Save Food and Feed the world

Save Food and Feed the world

As we prepare meals with our LOFAHO containers in our refrigerator, not only we can maximize the space and organize, they are proven to keep foods fresh up to 5X longer and save up to $2500 per year.

How often do we buy in bulk because of great deal, only to throw away unused portions? With our Prepsealer LOFAHO, you can take advantage of special deals of sales and seasonal buys all of the time and preserve in the right way so you can save money to help others or do more meaningful things. 

We'd like to share the inspirational resourceful article about food waste in US as below:

Do you know we can feed the world with foods we waste? We often purchase more that we can eat in mass quantities at big discount super markets when there are great deals. According to the Food and Agriculture organization (FAO) of united nations, approximately 1/3 of all food produce for human consumption goes to waste. Despite alarming global hunger statistics, the FAO found we throw out an estimated 1.3 billion tones of food annually - four times the amount required to feed the world's 795 million hungriest people.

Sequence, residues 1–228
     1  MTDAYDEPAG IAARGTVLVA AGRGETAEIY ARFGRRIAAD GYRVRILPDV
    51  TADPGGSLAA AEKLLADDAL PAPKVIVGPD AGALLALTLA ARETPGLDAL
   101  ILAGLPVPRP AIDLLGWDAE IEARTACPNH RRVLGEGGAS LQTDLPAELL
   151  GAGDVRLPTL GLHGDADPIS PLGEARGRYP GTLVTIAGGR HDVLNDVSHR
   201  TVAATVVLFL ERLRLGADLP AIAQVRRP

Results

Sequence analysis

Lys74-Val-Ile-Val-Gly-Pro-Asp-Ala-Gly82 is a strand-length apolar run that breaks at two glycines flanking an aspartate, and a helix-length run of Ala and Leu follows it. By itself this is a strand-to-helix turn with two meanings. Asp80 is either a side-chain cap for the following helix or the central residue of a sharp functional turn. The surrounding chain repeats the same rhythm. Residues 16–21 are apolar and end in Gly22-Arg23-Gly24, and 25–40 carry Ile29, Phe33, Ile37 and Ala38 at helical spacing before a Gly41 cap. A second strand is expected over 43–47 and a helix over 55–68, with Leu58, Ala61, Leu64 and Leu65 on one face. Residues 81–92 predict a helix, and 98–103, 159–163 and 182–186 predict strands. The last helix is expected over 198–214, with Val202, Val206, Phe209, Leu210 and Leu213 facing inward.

In North America, the largest value in food waste occurs in the households, followed by grocery stores, restaurants and institutional food services like hospitals, colleges and universities. 

Joanne Berken Kamp, Senior Advocate with food and agriculture program of the US Natural Resources Defense Council (NRDC) says " What we found in our research is people are often extremely conscious of the cost of food when they purchase it, but they are oblivious to the cost when they throw it out. The average family of four spends $1500 a year on the food that they throw out. Busy lifestyles are another factor.

So what can average consumers and households do to reduce waste? First, Plan meals, shop with a list, ignore " best before" dates, educate yourself and family on how to store and use produce. Second, adopt some fresh thinking and stop discarding foods you previously considered inedible. Third, using up leftovers or overlooked ingredients can be a boon to creativity.

Educating ourselves and the next generations on the value of food, where it comes from and the resources required to produce it, seems key to reducing waste. As Senegalese engineer and environmentalist Baba Dioum said " In the end, we will conserve only what we love;  We will love only what we understand; and we will understand only what we are taught" 

                                                                                            Article from "Quench magazine"

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